For cancer prevention, one of World Cancer Research Fund’s recommendations is to have a balanced diet, rich in vegetables, fruit, wholegrains such as brown rice and wholemeal bread, and pulses like beans and lentils.
Sarah Ann Macklin, Registered Nutritionist and Live Well Be Well Founder, comments:
“It’s essential to make healthy choices to support our physical and mental wellbeing – junk food is low in nutrients as well as high in calories, fat, and sugar. These unhealthy ingredients can contribute to weight gain, obesity, and other health problems, including cancer. By giving up junk food, we can improve our overall health and longevity, which is why I’m supporting Dump the Junk.”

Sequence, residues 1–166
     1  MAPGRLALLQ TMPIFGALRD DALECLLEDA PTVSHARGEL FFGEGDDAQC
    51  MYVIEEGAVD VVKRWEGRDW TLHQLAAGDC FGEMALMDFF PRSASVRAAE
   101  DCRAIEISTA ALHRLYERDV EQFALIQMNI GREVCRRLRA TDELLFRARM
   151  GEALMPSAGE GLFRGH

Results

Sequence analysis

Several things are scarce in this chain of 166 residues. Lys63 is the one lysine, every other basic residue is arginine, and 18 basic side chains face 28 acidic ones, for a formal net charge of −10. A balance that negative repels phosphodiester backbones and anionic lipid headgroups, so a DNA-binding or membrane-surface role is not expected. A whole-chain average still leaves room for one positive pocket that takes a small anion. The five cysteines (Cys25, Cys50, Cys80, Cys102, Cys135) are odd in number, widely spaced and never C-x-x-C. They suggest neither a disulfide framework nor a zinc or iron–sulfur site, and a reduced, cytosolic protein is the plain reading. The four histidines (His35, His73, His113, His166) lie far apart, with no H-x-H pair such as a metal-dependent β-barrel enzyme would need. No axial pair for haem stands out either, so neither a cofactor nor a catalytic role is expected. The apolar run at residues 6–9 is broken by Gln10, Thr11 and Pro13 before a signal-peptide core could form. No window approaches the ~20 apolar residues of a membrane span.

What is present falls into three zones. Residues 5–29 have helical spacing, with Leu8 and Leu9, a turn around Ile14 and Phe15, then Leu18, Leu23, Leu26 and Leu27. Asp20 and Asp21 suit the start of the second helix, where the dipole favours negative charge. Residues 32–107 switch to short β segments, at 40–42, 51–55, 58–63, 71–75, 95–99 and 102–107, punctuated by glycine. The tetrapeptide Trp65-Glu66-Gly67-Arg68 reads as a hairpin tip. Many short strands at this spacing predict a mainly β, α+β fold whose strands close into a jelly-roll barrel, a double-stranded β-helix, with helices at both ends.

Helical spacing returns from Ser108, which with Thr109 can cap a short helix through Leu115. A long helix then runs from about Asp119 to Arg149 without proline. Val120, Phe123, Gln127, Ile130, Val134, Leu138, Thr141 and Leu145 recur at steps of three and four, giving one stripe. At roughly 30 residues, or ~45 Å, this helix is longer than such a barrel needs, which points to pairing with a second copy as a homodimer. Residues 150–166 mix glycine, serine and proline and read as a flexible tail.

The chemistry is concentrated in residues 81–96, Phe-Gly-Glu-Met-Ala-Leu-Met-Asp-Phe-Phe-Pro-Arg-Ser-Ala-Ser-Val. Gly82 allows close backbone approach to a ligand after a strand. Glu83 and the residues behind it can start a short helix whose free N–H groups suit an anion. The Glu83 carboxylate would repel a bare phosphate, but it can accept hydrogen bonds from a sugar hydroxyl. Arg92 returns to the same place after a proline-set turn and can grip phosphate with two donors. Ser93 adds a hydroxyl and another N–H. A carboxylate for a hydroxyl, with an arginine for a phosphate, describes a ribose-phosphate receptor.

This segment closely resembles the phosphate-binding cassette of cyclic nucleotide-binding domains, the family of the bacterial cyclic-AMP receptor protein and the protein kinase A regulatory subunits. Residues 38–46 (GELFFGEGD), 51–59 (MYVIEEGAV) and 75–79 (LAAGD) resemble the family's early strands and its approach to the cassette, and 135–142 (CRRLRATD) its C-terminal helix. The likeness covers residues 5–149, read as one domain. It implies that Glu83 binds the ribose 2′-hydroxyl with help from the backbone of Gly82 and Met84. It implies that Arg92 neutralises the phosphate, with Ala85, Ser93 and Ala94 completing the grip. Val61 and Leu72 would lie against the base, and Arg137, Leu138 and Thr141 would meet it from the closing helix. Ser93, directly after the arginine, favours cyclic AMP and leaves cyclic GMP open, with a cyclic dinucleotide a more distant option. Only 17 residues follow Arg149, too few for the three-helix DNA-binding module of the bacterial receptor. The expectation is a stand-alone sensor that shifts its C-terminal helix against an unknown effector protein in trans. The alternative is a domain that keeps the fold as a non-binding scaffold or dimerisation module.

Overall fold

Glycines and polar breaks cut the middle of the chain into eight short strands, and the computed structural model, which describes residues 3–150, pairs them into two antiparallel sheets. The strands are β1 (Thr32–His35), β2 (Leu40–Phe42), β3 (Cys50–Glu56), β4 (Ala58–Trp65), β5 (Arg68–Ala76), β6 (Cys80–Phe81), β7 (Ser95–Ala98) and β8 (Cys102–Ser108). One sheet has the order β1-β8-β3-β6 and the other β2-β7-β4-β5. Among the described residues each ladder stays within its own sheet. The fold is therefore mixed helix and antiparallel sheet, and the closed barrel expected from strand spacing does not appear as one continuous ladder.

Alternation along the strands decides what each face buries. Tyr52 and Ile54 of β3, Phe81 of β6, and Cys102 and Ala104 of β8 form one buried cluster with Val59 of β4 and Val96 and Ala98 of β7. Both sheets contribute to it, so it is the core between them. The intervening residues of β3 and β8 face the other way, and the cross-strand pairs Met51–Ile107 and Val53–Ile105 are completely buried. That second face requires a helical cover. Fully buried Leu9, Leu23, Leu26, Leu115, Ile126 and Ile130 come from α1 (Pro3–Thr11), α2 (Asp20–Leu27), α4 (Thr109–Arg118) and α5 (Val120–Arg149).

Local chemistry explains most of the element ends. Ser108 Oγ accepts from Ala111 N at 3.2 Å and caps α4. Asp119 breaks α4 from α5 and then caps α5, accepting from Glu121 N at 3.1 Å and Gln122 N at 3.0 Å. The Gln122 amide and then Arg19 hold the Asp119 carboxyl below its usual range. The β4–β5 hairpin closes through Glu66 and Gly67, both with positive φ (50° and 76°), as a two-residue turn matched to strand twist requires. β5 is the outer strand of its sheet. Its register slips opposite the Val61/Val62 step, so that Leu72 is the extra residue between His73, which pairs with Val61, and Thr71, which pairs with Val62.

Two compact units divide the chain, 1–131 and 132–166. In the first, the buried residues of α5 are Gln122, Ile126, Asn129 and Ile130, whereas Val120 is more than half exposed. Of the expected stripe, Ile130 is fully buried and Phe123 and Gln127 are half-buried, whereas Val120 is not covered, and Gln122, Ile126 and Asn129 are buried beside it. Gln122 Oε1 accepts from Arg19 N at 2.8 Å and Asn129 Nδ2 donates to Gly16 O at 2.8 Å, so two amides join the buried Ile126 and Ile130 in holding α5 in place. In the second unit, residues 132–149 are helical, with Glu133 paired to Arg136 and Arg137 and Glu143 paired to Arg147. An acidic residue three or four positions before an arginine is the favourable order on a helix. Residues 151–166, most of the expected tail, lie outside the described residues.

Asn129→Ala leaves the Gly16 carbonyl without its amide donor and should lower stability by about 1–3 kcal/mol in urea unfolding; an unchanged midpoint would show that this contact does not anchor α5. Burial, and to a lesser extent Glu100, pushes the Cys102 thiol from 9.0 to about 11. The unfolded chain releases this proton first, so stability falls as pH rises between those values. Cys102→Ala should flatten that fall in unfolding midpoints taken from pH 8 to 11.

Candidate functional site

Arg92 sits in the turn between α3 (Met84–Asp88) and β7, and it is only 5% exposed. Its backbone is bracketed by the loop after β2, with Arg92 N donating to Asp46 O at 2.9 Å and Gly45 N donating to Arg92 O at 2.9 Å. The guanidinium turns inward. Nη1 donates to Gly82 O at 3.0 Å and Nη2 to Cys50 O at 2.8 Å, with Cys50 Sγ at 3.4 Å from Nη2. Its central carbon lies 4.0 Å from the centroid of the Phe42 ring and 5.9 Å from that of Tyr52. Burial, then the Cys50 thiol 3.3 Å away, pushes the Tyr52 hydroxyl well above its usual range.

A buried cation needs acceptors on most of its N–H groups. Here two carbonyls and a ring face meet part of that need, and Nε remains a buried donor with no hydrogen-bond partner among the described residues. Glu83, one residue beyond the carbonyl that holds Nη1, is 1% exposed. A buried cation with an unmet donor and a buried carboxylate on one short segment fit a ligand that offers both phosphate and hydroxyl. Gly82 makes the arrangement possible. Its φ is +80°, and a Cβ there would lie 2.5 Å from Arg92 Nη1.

James Radford, from Northamptonshire, has pledged to take part in Dump the Junk this June, says:
“I’m always on the road with my job so it’s easy for me to stop off for some fried chicken. However, having a healthy diet is so important to me because I feel so much better physically and mentally. I just want to get up, get out and seize the day more. That’s why I’m going to take on the challenge and give up all takeaway foods this June!”
Tricia George, diagnosed with breast cancer in 2019, has given up junk food says:
“It’s definitely not easy to give up, but some of my top tips are: don’t buy junk food in the first place because relying on self-will doesn’t always work. If it’s not readily available, you’ll find a healthier option to snack on, and if you can, try making your own snacks where possible – this allows me to control the amount of sugar and butter added. You too can learn to say, ‘no thank you’ when you’re offered junk food.”
Hannah Burgess, Community and Events Fundraising Manager at World Cancer Research Fund, says: